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War in Ukraine | Putin is preparing Russia for a long conflict, says NATO chief

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(Brussels) Russia is preparing for a long war against Ukraine, to which NATO allies must continue to supply weapons until President Vladimir Putin realizes that he “cannot win on the spot of battle,” Alliance leader Jens Stoltenberg told AFP on Friday.

Nearly ten months after Moscow’s invasion of its pro-Western neighbor, Ukrainian forces inflicted a succession of defeats on the Kremlin that freed entire swaths of territory. But “there is no indication that Putin has given up on his goal of controlling Ukraine,” warned the NATO Secretary General.

“We should not underestimate Russia. It is preparing for a long war,” Stoltenberg said in an interview with AFP. “We see that they are mobilizing more forces, that they are ready to take a lot of losses as well, that they are trying to get access to more weapons and ammunition,” he stressed.

“We have to understand that President Putin is ready to be in this war for a long time and to launch new offensives,” he said.


PHOTO KENZO TRIBOUILLARD, AGENCE FRANCE-PRESSE

NATO Secretary General Jens Stoltenberg

NATO countries, led by the United States, have provided Ukraine with billions of dollars worth of weaponry that has helped it stand up to Russian forces.

“Most likely is that this war will end at the negotiating table, like most wars,” Mr. Stoltenberg argues. Any solution must ensure that “Ukraine prevails as a sovereign and independent nation”, he insisted.

“The quickest way to do this is to support them militarily, so that President Putin understands that he cannot win on the battlefield, but has to sit down and negotiate in good faith.”

Speed ​​up production

After the setbacks suffered on the ground, Moscow launched waves of missile and drone strikes against civilian energy infrastructure.

According to US reports, Washington is finalizing plans to send its most advanced Patriot missile batteries to Ukraine, which will supplement other Western air defense systems already supplied to Kyiv.

Mr Stoltenberg said a “discussion was underway” for the delivery of the Patriots, but he stressed that NATO countries must ensure that there are sufficient ammunition and spare parts so that the weapons sent so far continue to function.

“We have a dialogue among allies on additional systems, but it is becoming increasingly important to ensure that all systems that are delivered are functional,” he explained.

Ukraine’s arms demands have depleted allies’ member stocks and sparked fears that the Alliance’s defense industries may not be able to produce enough.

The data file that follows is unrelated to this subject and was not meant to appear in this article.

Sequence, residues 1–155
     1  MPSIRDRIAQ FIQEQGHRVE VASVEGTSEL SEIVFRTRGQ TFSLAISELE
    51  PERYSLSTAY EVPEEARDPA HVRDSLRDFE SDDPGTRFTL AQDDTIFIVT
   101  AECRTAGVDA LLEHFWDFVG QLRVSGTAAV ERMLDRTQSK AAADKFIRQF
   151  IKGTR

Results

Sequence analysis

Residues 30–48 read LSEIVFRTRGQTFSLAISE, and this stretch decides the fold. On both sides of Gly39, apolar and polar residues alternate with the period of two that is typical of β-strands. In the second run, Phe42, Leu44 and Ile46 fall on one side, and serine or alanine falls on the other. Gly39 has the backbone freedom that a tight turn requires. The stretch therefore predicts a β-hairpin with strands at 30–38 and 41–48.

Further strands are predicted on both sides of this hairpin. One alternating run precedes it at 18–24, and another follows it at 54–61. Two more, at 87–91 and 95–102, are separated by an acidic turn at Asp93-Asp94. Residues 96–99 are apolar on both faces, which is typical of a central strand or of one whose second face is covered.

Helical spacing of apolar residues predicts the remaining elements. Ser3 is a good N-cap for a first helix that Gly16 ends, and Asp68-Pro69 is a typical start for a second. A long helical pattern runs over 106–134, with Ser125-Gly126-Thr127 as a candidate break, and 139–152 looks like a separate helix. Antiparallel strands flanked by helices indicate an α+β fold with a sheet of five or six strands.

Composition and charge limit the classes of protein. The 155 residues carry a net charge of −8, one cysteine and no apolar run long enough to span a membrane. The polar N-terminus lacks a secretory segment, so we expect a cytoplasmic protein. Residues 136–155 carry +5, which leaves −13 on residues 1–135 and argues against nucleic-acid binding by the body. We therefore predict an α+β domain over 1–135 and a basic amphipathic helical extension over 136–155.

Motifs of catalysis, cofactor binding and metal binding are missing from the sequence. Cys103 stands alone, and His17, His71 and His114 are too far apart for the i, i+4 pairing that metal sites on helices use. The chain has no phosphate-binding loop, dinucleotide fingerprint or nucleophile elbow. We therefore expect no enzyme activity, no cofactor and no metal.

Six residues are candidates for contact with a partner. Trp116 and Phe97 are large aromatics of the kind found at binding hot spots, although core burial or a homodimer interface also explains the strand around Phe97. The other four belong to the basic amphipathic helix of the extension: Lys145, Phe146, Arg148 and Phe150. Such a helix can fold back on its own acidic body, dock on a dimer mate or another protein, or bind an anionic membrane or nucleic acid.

“We are increasing our production for this specific purpose, so that we can both replenish our own stocks for deterrence and defense and continue to support Ukraine over the long term,” Stoltenberg said.

A decisive moment

Putin’s invasion of Ukraine was a shock to the West. It forced NATO to make its biggest adjustment since the end of the Cold War by massively reinforcing its eastern flank. Finland and Sweden were pushed to join NATO.

“This is the most dangerous security crisis we have seen in Europe since the Second World War,” said Mr. Stoltenberg. It’s a pivotal moment.”

Jens Stoltenberg clarified that despite a recent decline in Putin’s nuclear threats, the Alliance remains “vigilant and will constantly monitor what they are doing.”

Nuclear rhetoric, with references to the potential use of nuclear weapons, is reckless and dangerous.

Jens Stoltenberg, head of NATO

“His goal is of course to dissuade us from supporting Ukraine, but he will not achieve that,” he added.

Jens Stoltenberg’s mandate at the head of NATO, extended for a year in March, comes to an end at the end of 2023. The 63-year-old former Norwegian prime minister did not specify whether he would definitively leave his position. post next year. “I have no other plans,” he said simply.

He did not wish to comment on the calls made by certain allies in favor of the appointment of a woman to succeed him, which would be a first for the Alliance.

“My goal is to carry out my responsibilities as Secretary General of NATO in such a way that the Alliance remains united,” he said. “That’s my only concern and then I leave it to the Heads of State and Government to decide who will succeed me.”



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